The Musée Ariana is devoted to ceramic and glass artwork, and contains around 20,000 objects from the last 1,200 years, representing the historic, geographic, artistic and technological breadth of glass and ceramic manufacture during this time.
Built between 1877 and 1884, the museum is shaped by Neo-Classical and Neo-Baroque elements and is situated near the Palace of Nations. It was built to house the private collection of the Swiss art collector and patron Gustave Revilliod, who named it after his mother, Ariane de la Rive, and later bequeathed it to the city of Geneva.References:
The eight towns in south-eastern Sicily, including Ragusa, were all rebuilt after 1693 on or beside towns existing at the time of the earthquake which took place in that year. They represent a considerable collective undertaking, successfully carried out at a high level of architectural and artistic achievement. Keeping within the late Baroque style of the day, they also depict distinctive innovations in town planning and urban building. Together with seven other cities in the Val di Noto, it is part of a UNESCO World Heritage Site.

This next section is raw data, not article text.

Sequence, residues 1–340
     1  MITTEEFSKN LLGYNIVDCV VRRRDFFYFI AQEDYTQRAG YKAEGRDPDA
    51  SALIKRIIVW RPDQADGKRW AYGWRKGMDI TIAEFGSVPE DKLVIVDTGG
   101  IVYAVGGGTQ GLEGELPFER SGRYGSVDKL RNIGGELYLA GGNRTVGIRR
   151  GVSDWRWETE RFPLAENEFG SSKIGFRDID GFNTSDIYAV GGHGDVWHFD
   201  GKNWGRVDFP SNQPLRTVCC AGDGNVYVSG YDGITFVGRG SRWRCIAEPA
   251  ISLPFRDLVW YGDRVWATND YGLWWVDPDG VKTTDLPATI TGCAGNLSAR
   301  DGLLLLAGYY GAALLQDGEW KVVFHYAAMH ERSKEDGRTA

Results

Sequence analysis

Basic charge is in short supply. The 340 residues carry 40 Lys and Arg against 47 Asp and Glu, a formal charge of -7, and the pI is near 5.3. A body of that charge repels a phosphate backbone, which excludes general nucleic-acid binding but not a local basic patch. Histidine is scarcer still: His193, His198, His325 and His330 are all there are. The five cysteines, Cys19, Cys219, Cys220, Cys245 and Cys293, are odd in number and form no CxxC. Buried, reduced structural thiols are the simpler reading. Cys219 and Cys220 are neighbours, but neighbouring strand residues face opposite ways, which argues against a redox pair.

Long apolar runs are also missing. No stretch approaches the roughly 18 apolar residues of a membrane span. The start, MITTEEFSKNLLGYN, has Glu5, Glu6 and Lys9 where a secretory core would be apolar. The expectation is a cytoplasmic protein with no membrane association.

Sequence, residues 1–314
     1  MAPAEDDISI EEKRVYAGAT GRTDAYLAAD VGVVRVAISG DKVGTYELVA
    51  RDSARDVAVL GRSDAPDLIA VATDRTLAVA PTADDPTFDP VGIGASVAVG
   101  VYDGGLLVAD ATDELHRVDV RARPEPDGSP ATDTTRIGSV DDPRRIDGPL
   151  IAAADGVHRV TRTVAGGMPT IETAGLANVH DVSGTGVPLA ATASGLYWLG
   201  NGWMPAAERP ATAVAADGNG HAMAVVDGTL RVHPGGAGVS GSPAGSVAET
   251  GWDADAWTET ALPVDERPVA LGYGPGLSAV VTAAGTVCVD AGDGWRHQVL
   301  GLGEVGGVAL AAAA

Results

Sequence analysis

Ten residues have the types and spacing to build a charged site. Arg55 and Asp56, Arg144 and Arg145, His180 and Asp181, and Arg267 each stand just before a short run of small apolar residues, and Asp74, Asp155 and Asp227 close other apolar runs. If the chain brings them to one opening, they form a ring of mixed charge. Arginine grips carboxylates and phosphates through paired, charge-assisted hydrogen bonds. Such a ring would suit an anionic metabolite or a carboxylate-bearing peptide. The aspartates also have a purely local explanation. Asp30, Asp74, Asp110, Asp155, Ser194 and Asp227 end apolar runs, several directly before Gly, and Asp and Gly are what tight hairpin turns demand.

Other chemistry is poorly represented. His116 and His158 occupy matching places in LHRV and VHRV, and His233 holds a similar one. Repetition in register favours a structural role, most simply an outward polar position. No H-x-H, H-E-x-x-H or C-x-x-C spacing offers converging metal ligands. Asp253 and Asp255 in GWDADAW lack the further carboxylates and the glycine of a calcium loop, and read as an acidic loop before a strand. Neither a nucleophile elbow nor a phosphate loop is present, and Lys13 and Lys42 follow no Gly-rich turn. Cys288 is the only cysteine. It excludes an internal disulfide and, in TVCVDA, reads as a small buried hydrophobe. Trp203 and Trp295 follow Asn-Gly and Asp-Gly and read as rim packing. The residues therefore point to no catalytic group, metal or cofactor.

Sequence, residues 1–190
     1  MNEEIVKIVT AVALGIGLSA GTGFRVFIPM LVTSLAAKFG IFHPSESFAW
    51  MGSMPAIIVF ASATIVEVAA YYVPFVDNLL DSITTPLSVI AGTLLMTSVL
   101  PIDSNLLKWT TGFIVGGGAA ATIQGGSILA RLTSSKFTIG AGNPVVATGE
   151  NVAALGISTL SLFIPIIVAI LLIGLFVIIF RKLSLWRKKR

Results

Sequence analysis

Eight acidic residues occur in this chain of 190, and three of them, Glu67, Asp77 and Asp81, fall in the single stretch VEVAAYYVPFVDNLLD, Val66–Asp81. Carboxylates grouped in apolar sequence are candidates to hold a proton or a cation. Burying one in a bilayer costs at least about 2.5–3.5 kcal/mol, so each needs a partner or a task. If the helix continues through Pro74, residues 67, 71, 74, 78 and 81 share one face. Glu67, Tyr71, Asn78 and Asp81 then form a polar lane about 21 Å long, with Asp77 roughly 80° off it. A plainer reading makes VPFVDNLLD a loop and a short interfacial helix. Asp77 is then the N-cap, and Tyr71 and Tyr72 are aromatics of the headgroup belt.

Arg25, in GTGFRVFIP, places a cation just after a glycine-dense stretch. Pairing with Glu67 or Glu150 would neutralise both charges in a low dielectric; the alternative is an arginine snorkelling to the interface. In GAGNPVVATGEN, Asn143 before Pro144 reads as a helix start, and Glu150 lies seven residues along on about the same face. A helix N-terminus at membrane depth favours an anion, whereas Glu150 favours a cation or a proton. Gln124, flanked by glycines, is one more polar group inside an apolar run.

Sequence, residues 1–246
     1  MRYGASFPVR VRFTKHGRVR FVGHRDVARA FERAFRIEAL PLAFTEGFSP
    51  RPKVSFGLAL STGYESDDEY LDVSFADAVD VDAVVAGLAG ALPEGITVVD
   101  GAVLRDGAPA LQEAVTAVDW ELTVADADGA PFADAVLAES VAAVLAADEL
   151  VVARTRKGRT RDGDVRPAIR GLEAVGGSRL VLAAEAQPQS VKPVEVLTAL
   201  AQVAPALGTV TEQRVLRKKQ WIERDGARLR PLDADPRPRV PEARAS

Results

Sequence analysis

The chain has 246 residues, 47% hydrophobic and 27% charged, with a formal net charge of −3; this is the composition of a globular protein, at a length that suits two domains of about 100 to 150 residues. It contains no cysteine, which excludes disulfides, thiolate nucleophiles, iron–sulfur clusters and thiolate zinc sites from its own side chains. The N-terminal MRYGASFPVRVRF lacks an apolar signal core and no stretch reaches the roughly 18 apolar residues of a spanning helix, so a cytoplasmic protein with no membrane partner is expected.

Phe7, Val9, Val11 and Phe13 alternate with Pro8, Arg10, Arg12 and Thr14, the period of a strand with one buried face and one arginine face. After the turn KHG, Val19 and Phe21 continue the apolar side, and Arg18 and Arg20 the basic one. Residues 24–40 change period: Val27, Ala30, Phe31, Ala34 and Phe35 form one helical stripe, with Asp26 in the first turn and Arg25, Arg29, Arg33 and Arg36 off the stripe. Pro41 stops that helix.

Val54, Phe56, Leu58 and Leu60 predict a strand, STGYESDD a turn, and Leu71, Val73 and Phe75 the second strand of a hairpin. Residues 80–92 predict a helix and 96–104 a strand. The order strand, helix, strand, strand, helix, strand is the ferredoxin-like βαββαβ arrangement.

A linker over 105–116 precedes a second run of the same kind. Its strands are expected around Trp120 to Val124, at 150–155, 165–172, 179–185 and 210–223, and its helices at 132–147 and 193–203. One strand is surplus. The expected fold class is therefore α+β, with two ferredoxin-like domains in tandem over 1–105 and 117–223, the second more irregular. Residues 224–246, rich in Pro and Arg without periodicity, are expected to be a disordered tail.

In 1693 Ragusa was devastated by a huge earthquake, which killed some 5,000 inhabitants. Following this catastrophe the city was largely rebuilt, and many Baroque buildings from this time remain in the city. Most of the population moved to a new settlement in the former district of Patro, calling this new municipality 'Ragusa Superiore' (Upper Ragusa) and the ancient city 'Ragusa Inferiore' (Lower Ragusa). The two cities remained separated until 1926, when they were fused together to become a provincial capital in 1927.